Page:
The great irony of Silicon Valley's curated-music craze

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The music industry has always chased trends, and as tech companies have started getting into the game, they’ve not only picked up the habit but taken it to an unimaginably expensive level—one that makes the most coke-fueled excesses of the Fleetwood Mac era look miserly in comparison. And right now, the market is going bananas for curation: After years of investing in algorithms that can figure out that someone who likes the Beatles would probably also be interested in Creedence Clearwater Revival, which has helped the online radio behemoth Pandora claim 250 million users, the tide has turned. “Curation” is now the buzzword du jour.

Yesterday, word got out that Google will be buying the playlist site Songza for a “substantially higher” amount than the $15 million it was previously rumored to have offered, according to a Billboard article. Songza offers users, in its own words, “Music Curated by Music Experts”—that is, playlists broken down not only by genre but by mood or compatibility with different activities, some of them as specific as “Lounging in a Cool Hotel” or “Hanging Out in the Man Cave.” The tech giant has plans to fold Songza and its team of 50 or so curators into the unwieldily named Google Play Music All Access, a subscription-based streaming platform it launched to compete against Spotify that hasn’t offered very serious competition so far.

Apple also recently acquired a curation service: the Beats Music platform, whose place in the $3 billion acquisition has been massively overshadowed by Beats’ much larger and more profitable hardware division. Now that Apple and Google have both bought their own curation services, other companies will most likely be scrambling to get their own.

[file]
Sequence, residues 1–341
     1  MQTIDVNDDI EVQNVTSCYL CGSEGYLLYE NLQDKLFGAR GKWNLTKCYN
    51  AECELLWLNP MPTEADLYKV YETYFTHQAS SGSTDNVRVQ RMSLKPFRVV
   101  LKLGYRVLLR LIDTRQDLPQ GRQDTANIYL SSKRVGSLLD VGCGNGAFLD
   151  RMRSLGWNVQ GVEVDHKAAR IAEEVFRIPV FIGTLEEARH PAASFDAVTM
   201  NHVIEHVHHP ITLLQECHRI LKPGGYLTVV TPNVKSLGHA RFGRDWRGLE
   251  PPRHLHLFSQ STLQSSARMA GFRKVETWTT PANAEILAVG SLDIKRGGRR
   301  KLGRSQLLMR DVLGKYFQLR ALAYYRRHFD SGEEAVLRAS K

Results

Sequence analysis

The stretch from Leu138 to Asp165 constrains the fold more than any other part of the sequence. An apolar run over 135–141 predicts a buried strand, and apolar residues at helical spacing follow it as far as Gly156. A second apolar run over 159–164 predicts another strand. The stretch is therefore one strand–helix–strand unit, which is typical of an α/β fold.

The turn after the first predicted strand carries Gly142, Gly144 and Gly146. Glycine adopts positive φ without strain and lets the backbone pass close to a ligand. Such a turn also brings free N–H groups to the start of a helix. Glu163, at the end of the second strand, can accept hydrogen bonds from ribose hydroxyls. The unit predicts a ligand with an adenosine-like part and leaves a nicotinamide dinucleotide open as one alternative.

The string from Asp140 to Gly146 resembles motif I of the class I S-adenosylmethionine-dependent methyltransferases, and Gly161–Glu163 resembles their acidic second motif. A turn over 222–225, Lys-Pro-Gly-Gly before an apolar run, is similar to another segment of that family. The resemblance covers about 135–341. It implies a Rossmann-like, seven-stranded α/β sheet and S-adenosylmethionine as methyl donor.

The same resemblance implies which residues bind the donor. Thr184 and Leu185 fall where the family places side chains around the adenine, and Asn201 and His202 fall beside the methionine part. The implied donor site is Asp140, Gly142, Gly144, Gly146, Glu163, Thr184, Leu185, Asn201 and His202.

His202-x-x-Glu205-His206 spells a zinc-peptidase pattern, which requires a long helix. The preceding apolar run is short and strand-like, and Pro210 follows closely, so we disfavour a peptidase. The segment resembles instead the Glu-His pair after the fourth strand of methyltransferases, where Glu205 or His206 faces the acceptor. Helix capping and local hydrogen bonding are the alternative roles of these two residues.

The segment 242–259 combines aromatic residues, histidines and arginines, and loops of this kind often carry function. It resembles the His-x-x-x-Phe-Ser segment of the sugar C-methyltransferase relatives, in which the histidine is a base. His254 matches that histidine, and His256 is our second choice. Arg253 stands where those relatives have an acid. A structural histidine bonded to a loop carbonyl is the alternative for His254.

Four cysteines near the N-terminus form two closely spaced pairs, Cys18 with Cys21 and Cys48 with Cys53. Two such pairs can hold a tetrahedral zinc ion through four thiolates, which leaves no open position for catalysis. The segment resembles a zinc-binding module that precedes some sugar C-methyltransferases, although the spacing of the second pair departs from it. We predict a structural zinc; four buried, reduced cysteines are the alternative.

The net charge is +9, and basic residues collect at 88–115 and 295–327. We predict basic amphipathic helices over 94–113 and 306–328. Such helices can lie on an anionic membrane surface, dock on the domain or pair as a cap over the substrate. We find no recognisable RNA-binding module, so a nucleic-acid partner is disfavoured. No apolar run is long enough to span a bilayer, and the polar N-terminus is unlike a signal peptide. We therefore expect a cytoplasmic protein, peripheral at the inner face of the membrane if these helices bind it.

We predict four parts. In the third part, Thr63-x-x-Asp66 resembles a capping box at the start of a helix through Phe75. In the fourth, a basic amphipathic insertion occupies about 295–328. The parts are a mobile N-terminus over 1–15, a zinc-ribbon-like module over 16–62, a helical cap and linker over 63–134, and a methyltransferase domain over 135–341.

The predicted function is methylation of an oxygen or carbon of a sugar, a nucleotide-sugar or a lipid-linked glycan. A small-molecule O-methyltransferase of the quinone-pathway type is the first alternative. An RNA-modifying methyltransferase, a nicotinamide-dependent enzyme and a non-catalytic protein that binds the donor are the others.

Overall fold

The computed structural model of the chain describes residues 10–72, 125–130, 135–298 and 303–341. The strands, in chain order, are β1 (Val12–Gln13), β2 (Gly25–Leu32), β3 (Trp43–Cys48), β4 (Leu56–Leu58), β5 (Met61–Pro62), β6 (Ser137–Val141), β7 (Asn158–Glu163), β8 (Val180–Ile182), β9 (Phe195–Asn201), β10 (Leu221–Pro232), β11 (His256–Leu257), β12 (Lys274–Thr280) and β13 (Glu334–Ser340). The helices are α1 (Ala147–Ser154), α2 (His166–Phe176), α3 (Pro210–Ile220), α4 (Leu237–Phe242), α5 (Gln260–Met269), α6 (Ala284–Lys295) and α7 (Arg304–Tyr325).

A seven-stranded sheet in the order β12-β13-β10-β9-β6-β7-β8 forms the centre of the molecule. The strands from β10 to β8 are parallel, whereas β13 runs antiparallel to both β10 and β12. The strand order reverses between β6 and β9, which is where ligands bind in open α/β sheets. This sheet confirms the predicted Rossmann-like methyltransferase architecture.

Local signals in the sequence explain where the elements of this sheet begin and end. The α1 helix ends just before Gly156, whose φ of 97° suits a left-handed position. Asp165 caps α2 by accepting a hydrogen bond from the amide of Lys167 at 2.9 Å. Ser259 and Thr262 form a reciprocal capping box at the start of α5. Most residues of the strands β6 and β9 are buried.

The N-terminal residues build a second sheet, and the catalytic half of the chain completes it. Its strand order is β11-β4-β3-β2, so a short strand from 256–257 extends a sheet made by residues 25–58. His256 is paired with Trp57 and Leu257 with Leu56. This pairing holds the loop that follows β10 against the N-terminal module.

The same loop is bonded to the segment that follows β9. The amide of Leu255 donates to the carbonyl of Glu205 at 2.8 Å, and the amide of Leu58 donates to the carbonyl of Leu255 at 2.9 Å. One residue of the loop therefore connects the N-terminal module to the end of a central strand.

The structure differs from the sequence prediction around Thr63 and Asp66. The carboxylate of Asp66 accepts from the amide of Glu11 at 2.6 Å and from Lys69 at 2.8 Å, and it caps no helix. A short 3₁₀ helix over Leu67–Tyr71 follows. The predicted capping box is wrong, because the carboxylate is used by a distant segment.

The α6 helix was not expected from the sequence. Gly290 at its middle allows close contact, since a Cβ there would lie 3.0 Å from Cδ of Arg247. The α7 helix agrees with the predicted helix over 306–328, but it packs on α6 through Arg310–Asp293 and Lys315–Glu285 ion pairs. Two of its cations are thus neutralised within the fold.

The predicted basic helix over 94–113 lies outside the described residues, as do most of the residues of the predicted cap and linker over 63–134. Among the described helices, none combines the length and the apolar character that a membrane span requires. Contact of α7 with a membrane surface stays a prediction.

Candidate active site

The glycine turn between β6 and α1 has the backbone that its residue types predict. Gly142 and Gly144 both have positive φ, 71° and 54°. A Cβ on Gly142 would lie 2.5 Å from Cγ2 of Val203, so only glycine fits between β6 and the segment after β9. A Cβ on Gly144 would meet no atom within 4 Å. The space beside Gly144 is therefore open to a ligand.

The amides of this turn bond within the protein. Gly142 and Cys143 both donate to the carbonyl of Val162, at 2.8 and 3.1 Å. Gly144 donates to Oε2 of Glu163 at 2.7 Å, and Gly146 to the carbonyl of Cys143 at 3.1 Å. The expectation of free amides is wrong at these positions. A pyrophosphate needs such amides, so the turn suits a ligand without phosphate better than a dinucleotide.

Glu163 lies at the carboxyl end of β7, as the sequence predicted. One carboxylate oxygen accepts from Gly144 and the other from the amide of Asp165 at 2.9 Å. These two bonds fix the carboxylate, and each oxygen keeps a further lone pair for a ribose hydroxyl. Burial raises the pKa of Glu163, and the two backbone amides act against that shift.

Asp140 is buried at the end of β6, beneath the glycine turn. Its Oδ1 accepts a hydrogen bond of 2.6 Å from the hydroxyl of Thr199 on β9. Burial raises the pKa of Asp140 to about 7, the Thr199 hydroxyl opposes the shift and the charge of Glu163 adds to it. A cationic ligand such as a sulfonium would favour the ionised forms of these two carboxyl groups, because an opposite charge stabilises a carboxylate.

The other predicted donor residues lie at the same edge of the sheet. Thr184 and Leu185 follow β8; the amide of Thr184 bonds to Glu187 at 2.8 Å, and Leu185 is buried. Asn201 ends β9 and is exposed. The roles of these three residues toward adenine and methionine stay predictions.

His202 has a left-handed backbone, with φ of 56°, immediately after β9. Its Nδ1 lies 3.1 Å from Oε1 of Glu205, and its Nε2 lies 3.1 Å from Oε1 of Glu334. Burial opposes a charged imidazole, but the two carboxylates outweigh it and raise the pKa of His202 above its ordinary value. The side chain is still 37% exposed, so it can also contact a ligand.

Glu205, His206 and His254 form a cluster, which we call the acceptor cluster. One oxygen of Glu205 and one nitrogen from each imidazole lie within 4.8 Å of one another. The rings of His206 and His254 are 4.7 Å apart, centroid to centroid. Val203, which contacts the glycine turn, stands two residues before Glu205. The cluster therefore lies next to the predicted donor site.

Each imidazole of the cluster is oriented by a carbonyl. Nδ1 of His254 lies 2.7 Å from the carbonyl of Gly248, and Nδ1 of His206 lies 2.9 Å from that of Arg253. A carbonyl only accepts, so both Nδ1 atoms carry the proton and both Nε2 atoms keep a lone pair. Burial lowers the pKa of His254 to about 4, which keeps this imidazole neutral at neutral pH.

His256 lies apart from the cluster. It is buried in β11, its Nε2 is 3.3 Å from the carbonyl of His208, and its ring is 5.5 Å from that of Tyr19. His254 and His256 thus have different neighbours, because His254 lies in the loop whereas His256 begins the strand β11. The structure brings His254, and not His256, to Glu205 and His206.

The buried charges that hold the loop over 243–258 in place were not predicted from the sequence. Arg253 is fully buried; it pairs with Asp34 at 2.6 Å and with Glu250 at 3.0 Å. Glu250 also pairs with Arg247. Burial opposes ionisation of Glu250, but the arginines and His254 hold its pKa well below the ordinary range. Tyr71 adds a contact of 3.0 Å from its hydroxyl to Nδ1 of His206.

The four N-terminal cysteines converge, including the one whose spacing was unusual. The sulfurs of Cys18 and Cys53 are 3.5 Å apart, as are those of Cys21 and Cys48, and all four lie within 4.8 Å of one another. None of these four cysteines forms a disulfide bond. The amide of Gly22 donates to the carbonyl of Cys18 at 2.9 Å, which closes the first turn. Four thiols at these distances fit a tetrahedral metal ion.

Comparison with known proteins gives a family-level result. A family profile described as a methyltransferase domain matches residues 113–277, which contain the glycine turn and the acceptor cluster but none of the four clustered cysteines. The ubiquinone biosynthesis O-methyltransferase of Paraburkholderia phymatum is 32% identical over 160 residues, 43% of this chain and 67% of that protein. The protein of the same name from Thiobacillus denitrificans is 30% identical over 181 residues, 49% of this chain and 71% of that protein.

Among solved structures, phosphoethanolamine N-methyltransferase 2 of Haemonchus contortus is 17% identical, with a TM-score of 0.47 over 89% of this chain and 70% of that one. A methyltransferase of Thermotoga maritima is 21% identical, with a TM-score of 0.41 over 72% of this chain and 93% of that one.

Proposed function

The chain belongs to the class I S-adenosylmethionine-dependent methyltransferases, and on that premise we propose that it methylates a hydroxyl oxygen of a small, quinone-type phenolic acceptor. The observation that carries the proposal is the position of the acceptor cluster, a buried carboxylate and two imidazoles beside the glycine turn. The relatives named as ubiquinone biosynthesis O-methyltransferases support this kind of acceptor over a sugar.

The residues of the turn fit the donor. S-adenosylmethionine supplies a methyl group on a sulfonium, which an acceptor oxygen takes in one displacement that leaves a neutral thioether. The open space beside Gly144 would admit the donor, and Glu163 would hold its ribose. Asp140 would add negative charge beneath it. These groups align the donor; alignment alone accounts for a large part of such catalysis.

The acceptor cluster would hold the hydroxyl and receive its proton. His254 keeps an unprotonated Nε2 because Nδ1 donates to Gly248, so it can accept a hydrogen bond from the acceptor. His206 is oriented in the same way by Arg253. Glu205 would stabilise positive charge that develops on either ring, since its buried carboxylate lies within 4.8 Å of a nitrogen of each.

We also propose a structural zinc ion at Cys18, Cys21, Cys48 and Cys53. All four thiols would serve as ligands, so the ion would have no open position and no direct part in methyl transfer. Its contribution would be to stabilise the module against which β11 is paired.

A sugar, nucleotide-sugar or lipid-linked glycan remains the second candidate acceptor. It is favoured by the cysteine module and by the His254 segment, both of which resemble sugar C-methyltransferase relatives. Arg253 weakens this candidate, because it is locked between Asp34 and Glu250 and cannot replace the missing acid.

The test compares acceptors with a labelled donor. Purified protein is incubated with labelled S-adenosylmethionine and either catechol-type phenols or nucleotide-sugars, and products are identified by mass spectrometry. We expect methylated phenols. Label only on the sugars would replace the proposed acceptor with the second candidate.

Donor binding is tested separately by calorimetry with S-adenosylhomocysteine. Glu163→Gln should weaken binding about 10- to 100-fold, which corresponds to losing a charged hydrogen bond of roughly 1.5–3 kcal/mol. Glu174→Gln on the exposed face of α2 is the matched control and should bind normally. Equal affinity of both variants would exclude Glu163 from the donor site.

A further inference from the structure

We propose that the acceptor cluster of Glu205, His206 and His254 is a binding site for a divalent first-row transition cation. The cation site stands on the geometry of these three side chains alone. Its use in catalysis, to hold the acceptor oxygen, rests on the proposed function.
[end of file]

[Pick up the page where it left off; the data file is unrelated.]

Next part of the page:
The irony in this craze for curation is that for the longest time, and until quite recently, it was a widely held tenet amongst techies that the removal of cultural gatekeepers was one of the great benefits that the Internet had given music fans. With the help of algorithms, so the story went, you don’t need to depend on music critics or record clerks to discover new music. And so far, the popularity of services like Pandora and the presence of algorithm-powered “radio” streams in all the major music platforms has backed up that sentiment.

There are some major drawbacks, of course, to having your listening steered by computers. They’re why sites like Songza exist, and why they’re now worth so much: For as smart as music recommendation algorithms have become, they’re still not especially clever. Humans have other tools besides tempo analysis and users’ browsing histories to make connections by, so they can go much deeper. Plug the White Stripes into Pandora and it’ll guess that you also want to listen to the Black Keys and a bunch of other alt-rock bands, which would probably satisfy some casual listeners, but it can’t follow a more interesting stylistic thread that would connect them to Howlin’ Wolf, Grady Martin, or the Seeds.

More essentially, people may just prefer knowing there’s another person putting together their playlists. Eliminating cultural gatekeepers has been a great advance in that it has removed a lot of the fear and judgment that came with exploring music when you had to buy it from snobby record clerks. But it’s hard to make a personal connection with an algorithm. In an era defined by an obsession with artisanal everything, it’s not surprising that listeners would gravitate toward services that offer handcrafted playlists and a deeper sense of authenticity.

Even if you could ask Pandora to generate a playlist to accompany a breakup or a soundtrack to coming down after a night of hard partying, it seems unlikely many people would trust it to do so. But with something like Songza, you can trust that someone who’s been there before has thought the selections through. That’s a valuable thing now, in more ways than one.


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